Then the Swedes came. Rinkart had saved the city once before from the Swedish army in 1637; now in the wake of the famine in 1639 they were back, demanding 30,000 florins as “tribute” from the city. Rinkart again went out to entreat them to lower their demands, but the Swedish general refused. Rinkart turned to the townspeople who had followed him out and said, “Come, my children, we can find no hearing, no mercy with men, let us take refuge with God.” He fell to his knees and began praying so earnestly that the general relented and asked for only 2,000 florins.

The war would drag on another 11 years. Rinkart’s services had not made the town’s leaders more grateful; they harassed him constantly, frequently about financial matters caused by his efforts to feed the starving people in the city. When peace finally came in 1648, Rinkart was exhausted and prematurely aged. He died the following year.

Rinkart the Hymn Writer
Given the difficulties of his life, it is surprising that the hymns that Rinkart penned were full of praise and trust in God even when they were speaking of the troubles that afflicted Germany. His best known hymn, written c.1636 in the middle of the war, was intended as a table prayer; we know it as the popular Thanksgiving hymn, “Now Thank We All Our God”:

Now thank we all our God, with heart and hands and voices,
Who wondrous things has done, in Whom this world rejoices;
Who from our mothers’ arms has blessed us on our way
With countless gifts of love, and still is ours today.

O may this bounteous God through all our life be near us,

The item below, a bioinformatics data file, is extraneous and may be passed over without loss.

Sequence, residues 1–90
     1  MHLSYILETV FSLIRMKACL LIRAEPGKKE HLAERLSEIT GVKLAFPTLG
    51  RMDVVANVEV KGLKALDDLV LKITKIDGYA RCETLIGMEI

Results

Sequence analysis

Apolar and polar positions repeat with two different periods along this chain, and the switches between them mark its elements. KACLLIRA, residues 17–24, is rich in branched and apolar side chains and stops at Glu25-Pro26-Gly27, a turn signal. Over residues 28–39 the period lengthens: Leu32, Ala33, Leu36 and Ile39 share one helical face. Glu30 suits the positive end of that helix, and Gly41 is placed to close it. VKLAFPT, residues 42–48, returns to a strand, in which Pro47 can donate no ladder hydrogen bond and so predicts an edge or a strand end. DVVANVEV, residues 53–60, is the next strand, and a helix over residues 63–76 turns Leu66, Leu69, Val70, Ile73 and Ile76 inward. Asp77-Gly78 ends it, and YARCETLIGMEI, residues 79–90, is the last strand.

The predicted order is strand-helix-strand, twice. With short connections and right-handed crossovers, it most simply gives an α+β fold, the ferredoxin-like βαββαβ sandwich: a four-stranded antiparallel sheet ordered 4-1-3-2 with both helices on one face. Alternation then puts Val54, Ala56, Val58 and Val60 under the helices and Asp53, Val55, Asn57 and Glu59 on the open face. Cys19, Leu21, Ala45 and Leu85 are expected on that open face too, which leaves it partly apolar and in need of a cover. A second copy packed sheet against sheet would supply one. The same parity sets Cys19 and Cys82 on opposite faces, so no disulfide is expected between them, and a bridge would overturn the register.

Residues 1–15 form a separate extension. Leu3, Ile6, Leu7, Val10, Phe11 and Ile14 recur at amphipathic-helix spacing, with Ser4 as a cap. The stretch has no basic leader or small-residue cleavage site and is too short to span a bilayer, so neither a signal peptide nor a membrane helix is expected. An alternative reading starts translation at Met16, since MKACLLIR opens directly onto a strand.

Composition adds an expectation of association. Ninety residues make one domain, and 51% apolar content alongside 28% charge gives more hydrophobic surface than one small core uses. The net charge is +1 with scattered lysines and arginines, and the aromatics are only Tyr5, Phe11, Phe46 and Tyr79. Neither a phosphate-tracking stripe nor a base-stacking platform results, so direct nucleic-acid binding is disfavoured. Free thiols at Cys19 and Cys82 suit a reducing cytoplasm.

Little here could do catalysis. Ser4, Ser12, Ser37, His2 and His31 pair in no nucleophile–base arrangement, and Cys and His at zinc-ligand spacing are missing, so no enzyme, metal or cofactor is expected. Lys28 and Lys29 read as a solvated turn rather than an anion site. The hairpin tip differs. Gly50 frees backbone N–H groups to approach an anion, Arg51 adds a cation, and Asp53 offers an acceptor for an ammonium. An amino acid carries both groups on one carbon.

With ever joyful hearts and blessèd peace to cheer us;
And keep us in His grace, and guide us when perplexed;
And free us from all ills, in this world and the next!

All praise and thanks to God the Father now be given;
The Son and Him Who reigns with Them in highest Heaven;
The one eternal God, whom earth and Heaven adore;
For thus it was, is now, and shall be evermore.

Think about this hymn in the context of Rinkart’s life. Perhaps the very difficulty of his circumstances led him to look to God alone for help, and yet he still found the faith to trust in God and to be grateful to him for his blessings. If in the midst of horrendously devastating war, plague, famine, and death, Rinkart could find the faith to sing his thanks to God, how much more should we, who are living in much better circumstances rejoice in the goodness of God that has blessed us so abundantly.

Next Steps

Do you have a discipline of giving thanks? If so, would you share it with a brother or sister in Christ? And if not, see Romans 1:21—how does humanity’s descent into depravity begin?